2009-04-30 / Features

The Strongest 72-Year-Old You'll Ever Meet

By Joanna Poncavage

The (Allentown) Morning Call

ALLENTOWN, Pa. (AP) - Fred Glass is 72 years old, stands 5 feet 4 inches tall and weighs only 151 pounds. But he routinely hoists barbells twice as heavy - 300 pounds, or, on a good day, 400 pounds or more - into the air.

His calves are spindly, but on his small frame are muscles of steel: the backs of his thighs look armor-plated, his triceps are spectacular and when he flexes, the muscles encircling his chest and back are peerless. Younger and taller men may have bulkier muscles, but Glass' strength is world class.

Last year, Glass set an International Powerlifting Association world record for his weight and age, squatting 400 pounds and dead lifting 380 pounds in a competition at the York Barbell Co. in York. In 1990, Glass was named best power lifter in the world at the World Powerlifting Congress Masters Championship in Italy. He's been competing for 35 years and has a wall of 200 trophies, including 16 world championships, in his garage to show for it.

To squat lift, he'll stoop to put his shoulders beneath a barbell, a long steel bar with several 45- pound round weight plates at each end, resting on a metal frame. As he slowly stands up, his face contorted with exertion, the barbell rises, too. Then, he squats to a seated position and comes up again.

To dead lift, Glass reaches down to grab a barbell resting on the floor. With a mighty effort, the laws of gravity are suspended and he pulls it upward for a brief moment. When he releases, heavy metal crashes down and Glass exhales. The back of his Tshirt says "Pain is temporary, pride is forever.''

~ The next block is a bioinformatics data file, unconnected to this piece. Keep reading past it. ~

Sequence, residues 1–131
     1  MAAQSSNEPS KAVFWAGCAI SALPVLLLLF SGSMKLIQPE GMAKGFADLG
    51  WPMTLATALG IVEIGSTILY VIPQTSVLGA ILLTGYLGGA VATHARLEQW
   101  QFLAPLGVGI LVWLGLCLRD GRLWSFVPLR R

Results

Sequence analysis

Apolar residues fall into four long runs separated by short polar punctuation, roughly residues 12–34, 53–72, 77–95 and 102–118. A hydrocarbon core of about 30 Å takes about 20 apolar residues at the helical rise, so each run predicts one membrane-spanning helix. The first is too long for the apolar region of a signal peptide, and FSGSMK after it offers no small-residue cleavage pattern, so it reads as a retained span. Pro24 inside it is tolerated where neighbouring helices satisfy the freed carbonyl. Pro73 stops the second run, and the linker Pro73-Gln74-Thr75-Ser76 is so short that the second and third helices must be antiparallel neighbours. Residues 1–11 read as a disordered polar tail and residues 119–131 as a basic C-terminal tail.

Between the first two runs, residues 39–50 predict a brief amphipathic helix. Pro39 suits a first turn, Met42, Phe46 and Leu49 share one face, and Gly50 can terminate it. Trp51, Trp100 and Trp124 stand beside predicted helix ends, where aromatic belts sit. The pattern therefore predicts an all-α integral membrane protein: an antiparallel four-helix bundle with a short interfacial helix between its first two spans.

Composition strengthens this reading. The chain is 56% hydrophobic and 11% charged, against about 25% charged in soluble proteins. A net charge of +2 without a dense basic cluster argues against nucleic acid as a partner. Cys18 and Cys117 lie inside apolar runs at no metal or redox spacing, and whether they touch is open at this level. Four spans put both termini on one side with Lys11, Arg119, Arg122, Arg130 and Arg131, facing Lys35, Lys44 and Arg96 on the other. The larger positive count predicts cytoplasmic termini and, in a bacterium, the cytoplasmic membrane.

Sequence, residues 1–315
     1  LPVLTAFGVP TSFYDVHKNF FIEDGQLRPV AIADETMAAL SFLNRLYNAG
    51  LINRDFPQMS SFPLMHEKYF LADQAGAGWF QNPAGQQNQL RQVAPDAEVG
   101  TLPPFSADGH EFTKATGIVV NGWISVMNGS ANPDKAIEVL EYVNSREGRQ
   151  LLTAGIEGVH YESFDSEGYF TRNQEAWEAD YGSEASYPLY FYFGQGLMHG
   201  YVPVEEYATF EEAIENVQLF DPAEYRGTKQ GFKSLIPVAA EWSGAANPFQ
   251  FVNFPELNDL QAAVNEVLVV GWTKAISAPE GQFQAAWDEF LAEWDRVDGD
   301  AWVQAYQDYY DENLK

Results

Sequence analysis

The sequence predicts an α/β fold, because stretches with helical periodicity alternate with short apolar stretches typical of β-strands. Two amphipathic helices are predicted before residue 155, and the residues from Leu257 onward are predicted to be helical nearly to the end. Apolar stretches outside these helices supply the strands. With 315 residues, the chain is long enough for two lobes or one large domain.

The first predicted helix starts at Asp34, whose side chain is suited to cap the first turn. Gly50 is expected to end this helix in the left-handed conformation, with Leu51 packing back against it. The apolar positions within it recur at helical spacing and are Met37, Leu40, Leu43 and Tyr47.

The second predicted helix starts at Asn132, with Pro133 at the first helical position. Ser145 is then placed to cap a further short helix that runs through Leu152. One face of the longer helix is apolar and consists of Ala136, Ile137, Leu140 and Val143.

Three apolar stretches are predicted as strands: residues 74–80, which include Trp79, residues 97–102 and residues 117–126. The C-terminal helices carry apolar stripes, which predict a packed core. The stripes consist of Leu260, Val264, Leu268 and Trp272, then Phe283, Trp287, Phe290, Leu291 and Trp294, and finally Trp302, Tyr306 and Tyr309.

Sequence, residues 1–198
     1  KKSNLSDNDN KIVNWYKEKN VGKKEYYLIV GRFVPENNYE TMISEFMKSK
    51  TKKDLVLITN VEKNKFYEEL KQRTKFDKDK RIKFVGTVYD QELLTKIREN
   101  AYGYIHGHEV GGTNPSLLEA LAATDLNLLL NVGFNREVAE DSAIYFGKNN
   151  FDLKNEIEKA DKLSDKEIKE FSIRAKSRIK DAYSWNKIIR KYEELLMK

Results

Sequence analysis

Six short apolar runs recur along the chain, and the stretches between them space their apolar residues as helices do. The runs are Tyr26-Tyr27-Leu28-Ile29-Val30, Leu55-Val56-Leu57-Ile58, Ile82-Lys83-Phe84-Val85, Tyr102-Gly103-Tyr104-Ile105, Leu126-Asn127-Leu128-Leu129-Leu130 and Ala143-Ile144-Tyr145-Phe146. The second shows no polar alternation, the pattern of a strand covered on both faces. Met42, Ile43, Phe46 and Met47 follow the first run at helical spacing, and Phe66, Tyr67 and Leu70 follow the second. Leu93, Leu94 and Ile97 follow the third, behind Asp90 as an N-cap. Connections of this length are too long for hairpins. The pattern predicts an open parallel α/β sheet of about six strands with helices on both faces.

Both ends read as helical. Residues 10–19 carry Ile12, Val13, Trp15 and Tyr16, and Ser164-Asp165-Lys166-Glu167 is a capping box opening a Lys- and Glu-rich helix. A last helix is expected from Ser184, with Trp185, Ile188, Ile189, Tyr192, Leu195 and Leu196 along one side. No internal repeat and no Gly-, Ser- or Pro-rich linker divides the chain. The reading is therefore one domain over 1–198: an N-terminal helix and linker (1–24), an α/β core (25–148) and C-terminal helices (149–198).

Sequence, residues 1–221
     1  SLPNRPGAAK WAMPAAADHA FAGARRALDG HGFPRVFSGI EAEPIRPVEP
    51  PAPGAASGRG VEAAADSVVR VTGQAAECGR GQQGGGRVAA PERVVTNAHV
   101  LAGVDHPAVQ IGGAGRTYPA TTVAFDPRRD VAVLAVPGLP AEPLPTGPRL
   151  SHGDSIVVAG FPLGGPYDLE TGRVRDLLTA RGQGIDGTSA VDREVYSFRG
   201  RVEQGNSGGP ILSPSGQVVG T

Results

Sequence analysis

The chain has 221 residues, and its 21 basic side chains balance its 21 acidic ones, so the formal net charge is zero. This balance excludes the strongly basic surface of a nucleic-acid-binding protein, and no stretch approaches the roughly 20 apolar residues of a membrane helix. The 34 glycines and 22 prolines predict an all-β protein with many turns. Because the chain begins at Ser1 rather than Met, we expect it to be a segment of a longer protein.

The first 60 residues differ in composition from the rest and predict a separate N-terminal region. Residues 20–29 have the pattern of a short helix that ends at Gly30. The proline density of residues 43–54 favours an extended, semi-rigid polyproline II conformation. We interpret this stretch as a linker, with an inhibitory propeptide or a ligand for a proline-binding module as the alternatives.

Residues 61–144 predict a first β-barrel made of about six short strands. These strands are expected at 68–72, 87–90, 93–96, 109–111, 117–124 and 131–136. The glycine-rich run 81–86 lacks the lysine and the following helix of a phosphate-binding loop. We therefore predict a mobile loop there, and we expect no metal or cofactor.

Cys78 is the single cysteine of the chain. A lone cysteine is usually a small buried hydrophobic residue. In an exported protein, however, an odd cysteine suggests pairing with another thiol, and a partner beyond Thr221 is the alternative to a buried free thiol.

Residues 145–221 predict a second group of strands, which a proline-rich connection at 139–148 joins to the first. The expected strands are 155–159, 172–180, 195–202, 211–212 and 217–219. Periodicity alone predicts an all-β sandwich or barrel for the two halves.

Glass answered questions about his life in the basement gym of his Allentown home.

Q: How did you start lifting? A: In 1962, I was 26 years old and weighed 107 pounds. I had a big inferiority complex about being small and skinny. I heard that lifting weights was a way to get bigger and stronger. Today, being able to lift 426 pounds puts me in the top 1 percent in the world.

Q: Your equipment looks old. Where did it come from?

A: I used to have a gym called Fred's Gym ... in Allentown for 16 years. Now I have a few training partners who come here a couple times a week. One of them is Dan Reph from Danielsville. He's 67 years old, weighs 270 pounds, and squats and lifts over 500 pounds with two artificial hips. If you want to get results, this is the place to come.

Q: What's your training routine?

A: I work out five to six days a week, about 1 hour and 15 minutes a day. I squat once a week, dead lift once a week, bench press twice a week and body build once a week. I bowl twice a week, too. I throw a 16-pound ball, between 14 and 16 miles per hour.

Q: What's your diet like?

A: Basic American, but there are some things I stay away from. Caffeine blocks nutrients. I don't drink alcohol except maybe once every two or three years. No deep-fat fried food, and no charred meat. I take a lot of mineral supplements. I spend about $250 a month on nutrition.

Q: You're retired now. What were you doing before?

A: I served in the Air Force from 1954 to 1958. I was a hydraulic mechanic. During the Suez Crisis, I was stationed in England. When I came home, I worked as a truck driver. I delivered for Pepsi-Cola for 13 years until I got hurt, then I was working for a company delivering printing paper for 11 years. The only job I could get was a limousine job, then I retired at age 62.

Q: How long do you plan to keep lifting?

A: My goal in life is to be 100 years old and squat 400 pounds. That sounds ridiculous unless you look at my progress. I'm still getting stronger. I can run 40 yards in under 5 seconds, I have the bones of a 20-year-old, and the body of a 40-year-old. I play tackle football with the kids, 170- pound 20-year-olds. They can't stop me from making a touchdown.

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